Drawing day 2 to a close Vessantara unpacks a question that was asked in an earlier session going into giving skilfully, focusing on the contrast we can experience between our idealism and our current state of being and the crossfire between the desire and the reality of those two things. The session then goes on to answering questions in relation to this and a closing meditation practice.

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Day 3

Session 2

We start the session with a Tonglen meditation, then Vessantara responds to a question about putting emphasis on giving vs taking in the dark cloud of suffering. He shares a story of a king who’s troubled by a poisonous tree… After the break there are a few questions and answers followed by another Tonglen meditation practice.

To Buddha, Dharma and the Supreme Assembly

I go for refuge until I’m Enlightened.

Through the practice of giving and other perfections

May I attain buddhahood to benefit beings.

Resources:

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Session 3

Vessantara begins the session by discussing the 8 traditional offerings, and demonstrates the associated hand gestures. He then answers a few questions, clarifying and evoking the heartfelt spirit behind making offerings, before leading a meditation on the gift of fearlessness.

The 8 Traditional Offerings

  • Water for drinking – ARGHAM
  • Water for the feet – PADYAM
  • Flowers – PUSHPE
  • Incense – DHUPE
  • Lights – ALOKE
  • Perfume — GANDHE
  • Food – NAIVEDYA
  • Music — SHABDA

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Session 4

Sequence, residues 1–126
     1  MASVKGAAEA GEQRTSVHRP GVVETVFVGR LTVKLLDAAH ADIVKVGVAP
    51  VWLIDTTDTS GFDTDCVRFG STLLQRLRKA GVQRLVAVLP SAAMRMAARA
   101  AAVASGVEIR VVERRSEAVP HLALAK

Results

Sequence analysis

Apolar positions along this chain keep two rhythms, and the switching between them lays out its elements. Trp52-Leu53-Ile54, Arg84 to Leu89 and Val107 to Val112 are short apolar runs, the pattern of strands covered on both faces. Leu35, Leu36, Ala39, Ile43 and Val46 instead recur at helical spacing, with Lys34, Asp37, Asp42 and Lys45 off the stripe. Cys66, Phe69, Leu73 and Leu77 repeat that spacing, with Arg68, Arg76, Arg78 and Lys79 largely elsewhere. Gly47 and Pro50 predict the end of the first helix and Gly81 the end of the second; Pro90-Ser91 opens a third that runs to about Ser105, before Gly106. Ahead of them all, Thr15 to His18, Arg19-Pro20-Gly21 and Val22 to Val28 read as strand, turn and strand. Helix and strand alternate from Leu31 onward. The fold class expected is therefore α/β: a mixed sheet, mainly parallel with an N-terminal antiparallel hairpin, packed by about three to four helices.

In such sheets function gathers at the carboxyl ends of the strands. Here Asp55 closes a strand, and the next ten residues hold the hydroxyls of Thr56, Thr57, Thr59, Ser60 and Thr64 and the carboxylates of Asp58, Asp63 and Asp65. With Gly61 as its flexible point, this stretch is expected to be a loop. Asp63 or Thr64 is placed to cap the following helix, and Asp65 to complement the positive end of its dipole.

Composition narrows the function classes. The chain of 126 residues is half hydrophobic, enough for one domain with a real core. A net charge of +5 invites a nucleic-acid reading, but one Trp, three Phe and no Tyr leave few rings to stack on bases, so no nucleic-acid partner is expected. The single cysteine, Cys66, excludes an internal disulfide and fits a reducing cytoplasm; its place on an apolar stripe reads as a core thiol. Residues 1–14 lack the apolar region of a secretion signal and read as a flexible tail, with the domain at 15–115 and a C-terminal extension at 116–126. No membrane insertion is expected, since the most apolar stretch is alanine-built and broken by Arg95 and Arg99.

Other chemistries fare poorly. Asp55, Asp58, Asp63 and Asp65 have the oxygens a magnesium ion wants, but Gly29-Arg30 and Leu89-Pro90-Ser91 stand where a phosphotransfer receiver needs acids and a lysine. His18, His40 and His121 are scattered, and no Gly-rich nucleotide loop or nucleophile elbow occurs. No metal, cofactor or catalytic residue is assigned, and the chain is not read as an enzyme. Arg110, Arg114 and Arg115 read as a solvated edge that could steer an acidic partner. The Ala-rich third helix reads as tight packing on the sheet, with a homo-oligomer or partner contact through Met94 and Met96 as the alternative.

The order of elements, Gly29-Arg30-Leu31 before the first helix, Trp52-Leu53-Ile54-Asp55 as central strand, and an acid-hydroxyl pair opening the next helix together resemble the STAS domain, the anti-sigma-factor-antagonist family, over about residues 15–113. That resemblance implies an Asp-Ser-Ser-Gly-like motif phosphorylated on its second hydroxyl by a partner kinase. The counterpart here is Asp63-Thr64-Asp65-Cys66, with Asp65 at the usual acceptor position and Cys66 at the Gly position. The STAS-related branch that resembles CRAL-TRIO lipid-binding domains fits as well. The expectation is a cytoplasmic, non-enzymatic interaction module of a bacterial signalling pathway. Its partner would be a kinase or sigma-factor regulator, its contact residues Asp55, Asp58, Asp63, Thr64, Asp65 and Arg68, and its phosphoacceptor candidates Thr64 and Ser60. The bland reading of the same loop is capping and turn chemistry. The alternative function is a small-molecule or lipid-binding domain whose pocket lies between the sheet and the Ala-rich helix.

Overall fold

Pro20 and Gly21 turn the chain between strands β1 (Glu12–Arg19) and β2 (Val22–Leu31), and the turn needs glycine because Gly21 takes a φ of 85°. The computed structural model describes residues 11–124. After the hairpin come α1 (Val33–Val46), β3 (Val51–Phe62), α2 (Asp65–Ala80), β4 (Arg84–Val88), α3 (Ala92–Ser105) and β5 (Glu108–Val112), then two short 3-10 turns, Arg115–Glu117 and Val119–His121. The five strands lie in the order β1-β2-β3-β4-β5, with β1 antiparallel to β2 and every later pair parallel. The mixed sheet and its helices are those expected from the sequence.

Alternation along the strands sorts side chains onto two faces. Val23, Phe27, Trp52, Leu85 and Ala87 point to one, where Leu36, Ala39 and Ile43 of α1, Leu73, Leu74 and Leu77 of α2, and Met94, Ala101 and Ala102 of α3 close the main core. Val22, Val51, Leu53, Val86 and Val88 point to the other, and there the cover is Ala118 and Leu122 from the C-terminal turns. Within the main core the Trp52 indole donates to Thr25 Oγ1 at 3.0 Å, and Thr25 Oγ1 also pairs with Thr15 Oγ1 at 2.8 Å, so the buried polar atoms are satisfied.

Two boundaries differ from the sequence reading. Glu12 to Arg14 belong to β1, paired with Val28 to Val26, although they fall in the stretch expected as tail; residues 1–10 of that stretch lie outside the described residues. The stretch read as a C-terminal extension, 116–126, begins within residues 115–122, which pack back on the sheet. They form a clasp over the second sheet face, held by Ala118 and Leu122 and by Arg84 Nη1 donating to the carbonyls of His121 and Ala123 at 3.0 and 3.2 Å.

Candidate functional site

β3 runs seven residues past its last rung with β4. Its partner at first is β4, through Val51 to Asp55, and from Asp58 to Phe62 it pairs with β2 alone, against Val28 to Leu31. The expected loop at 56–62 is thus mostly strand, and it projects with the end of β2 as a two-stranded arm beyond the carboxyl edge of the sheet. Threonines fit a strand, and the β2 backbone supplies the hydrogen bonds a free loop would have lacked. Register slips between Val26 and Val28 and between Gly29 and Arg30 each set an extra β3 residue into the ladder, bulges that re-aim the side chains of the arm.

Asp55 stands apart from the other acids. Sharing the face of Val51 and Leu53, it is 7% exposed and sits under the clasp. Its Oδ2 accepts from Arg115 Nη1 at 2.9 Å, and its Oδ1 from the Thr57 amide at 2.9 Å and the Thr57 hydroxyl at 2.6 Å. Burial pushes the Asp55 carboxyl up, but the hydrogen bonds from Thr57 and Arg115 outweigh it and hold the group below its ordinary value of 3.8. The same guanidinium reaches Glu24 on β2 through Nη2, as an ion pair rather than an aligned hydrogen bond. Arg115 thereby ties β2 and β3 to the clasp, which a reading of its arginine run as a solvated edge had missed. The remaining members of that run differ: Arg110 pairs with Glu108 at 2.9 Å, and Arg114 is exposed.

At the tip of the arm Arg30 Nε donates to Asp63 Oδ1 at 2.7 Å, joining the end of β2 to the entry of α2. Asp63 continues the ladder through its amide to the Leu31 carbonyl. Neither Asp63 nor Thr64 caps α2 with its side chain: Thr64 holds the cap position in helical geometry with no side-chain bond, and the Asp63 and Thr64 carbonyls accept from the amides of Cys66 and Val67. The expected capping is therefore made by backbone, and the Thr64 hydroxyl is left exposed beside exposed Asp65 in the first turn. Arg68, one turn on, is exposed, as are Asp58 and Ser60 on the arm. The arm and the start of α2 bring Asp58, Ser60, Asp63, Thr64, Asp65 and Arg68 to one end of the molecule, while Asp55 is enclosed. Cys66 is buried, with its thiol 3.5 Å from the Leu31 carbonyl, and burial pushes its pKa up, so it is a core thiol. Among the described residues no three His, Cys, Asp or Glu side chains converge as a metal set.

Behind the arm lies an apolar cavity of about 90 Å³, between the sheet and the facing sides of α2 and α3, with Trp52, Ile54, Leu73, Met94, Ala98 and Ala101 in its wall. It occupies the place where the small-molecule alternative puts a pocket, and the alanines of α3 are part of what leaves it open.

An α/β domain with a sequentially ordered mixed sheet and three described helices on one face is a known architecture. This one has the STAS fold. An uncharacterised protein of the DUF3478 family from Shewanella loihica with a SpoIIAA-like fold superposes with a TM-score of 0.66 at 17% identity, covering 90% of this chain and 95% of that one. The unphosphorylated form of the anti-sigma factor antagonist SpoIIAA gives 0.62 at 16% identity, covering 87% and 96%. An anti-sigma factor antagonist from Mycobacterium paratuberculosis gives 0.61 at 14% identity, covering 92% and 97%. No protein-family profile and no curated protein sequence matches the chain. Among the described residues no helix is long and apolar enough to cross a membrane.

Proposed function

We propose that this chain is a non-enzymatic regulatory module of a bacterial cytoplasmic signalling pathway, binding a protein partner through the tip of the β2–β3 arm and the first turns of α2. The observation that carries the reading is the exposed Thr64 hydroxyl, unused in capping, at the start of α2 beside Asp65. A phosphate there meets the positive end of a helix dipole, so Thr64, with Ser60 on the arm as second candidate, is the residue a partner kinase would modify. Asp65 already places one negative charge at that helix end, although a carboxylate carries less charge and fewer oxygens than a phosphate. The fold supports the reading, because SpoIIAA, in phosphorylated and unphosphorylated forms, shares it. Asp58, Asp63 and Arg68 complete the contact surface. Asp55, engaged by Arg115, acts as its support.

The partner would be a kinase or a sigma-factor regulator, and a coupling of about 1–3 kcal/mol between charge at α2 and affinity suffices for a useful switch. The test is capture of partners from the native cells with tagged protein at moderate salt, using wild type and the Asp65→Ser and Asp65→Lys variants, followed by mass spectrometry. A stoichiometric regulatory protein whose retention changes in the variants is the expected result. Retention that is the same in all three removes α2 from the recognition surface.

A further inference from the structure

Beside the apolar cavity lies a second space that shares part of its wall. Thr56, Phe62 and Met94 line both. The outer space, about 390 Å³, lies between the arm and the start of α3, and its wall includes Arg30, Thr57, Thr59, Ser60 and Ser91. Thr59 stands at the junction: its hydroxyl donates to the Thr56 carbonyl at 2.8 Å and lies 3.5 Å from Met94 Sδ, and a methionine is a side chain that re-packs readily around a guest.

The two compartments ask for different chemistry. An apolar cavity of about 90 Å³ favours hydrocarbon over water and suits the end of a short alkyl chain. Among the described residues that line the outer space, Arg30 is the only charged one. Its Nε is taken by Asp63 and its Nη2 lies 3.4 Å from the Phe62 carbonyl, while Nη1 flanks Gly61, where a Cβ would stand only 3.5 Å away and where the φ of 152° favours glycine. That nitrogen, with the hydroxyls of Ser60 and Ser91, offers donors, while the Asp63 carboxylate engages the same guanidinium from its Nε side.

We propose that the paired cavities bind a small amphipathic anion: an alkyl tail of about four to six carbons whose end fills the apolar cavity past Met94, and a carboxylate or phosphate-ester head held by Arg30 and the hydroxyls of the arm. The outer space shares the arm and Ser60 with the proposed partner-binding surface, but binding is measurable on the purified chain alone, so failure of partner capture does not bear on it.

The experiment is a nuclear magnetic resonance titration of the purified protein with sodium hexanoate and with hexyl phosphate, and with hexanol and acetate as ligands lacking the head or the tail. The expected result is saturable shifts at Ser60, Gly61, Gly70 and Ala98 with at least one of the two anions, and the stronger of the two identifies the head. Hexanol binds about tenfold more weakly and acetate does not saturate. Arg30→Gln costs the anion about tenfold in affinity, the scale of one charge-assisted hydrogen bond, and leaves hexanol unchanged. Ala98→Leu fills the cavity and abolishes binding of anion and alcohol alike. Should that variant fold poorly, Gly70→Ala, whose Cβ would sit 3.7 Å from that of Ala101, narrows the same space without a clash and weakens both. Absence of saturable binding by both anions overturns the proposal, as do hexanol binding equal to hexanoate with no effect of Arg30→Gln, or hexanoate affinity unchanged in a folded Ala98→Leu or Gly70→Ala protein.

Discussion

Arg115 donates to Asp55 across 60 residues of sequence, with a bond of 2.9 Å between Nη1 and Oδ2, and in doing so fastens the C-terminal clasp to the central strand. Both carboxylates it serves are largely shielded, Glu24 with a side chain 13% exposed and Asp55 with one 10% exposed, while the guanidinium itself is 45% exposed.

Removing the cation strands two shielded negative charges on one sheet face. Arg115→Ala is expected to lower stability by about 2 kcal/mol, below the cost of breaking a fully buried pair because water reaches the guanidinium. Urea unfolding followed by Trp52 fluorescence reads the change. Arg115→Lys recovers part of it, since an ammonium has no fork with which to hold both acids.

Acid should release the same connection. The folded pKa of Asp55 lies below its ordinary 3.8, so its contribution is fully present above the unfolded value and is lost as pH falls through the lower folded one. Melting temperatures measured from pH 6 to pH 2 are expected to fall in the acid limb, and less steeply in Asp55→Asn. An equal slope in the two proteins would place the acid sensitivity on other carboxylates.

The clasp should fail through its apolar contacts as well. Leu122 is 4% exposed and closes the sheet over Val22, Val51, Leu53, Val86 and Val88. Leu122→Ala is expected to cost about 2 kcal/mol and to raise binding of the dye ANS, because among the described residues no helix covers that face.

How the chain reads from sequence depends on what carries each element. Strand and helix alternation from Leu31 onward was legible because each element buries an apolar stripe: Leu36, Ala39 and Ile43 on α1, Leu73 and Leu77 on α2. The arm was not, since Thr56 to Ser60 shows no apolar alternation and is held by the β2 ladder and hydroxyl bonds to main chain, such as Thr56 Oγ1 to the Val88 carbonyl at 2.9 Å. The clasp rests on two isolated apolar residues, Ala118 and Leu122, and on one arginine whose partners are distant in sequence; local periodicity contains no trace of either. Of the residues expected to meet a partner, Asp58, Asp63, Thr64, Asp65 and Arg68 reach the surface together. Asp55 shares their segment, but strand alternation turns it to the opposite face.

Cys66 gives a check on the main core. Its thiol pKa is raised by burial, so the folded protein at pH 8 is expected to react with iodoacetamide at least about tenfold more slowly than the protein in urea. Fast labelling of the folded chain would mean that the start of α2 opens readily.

An exploration of the ways in which we restrict our generosity by putting ‘conditions’ on it, followed by some Q&As and lead tonglen meditation with a wish-fulfilling jewel in the heart.

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Day 4

Reading from the morning’s meditation –

The Bodhisattva is the synthesis of the contradictions inherent in the path: the contradiction between dāna and sīla, and even the contradictions apparently inherent in the so-called goal, such as those between wisdom and compassion, samsāra and nirvāna.

Sangharakshita, The Bodhisattva Ideal – from the chapter Altruism and Individualism in the Spiritual Life.

Session 2

This session starts with a 40 minute mediation, followed by a quick recap of yesterday and the idea of learning to give less conditionally. Vessantara then explores the mandala of offering practice as detailed in Parami’s document which was made available yesterday. This is a practice where we make offerings to the Buddha of everything including ourselves. Vessantara then says a bit about the Vajrayana idea of outer giving, inner giving, secret giving and esoteric giving. He responds to a few questions and ends with a short meditation with a simplified visualisation of making offerings.

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Session 3

Vessantara begins by demonstrating a mandala offering, both with a mandala offering set and as a mudra. He then takes a few questions and then leads a meditation.

Resources:

Mandala Offering – Parami

Paper drawing together the latest scientific research on generosity and giving

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Session 4

Vessantara responds to some questions about mandala offerings and the importance of questioning our rational views to make room for the imagination. We finish the day with a meditation exploring the edges between the imagination and direct experience.

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Day 5

Session 2

We start this session with a meditation around the last of the five ’things you can give’ – the gift of awareness – giving radiant, undivided attention, which Vessantara associates with Vairocana.

He then explores the process moving back and forth between physical and imaginal experience. Questioning our assumptions about imagination being ‘just in our heads’, separate and irrelevant to the real world. He encourages us to explore experientially what happens when moving in and out of visualisation meditation as a way of spotting assumptions about reality that cause suffering for ourselves and others .